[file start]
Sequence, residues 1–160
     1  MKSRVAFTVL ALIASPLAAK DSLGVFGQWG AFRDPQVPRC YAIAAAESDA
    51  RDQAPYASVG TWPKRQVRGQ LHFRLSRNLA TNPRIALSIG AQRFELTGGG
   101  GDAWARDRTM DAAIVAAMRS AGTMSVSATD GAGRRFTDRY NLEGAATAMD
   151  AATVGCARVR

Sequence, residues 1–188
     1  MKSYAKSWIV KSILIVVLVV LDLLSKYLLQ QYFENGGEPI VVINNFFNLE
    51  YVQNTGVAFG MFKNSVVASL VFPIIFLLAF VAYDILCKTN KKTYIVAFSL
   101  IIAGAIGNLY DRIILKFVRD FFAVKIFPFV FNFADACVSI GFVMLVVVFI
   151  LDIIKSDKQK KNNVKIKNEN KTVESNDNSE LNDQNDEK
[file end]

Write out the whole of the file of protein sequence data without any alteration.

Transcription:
Sequence, residues 1–160
     1  MKSRVAFTVL ALIASPLAAK DSLGVFGQWG AFRDPQVPRC YAIAAAESDA
    51  RDQAPYASVG TWPKRQVRGQ LHFRLSRNLA TNPRIALSIG AQRFELTGGG
   101  GDAWARDRTM DAAIVAAMRS AGTMSVSATD GAGRRFTDRY NLEGAATAMD
   151  AATVGCARVR

Sequence, residues 1–188
     1  MKSYAKSWIV KSILIVVLVV LDLLSKYLLQ QYFENGGEPI VVINNFFNLE
    51  YVQNTGVAFG MFKNSVVASL VFPIIFLLAF VAYDILCKTN KKTYIVAFSL
   101  IIAGAIGNLY DRIILKFVRD FFAVKIFPFV FNFADACVSI GFVMLVVVFI
   151  LDIIKSDKQK KNNVKIKNEN KTVESNDNSE LNDQNDEK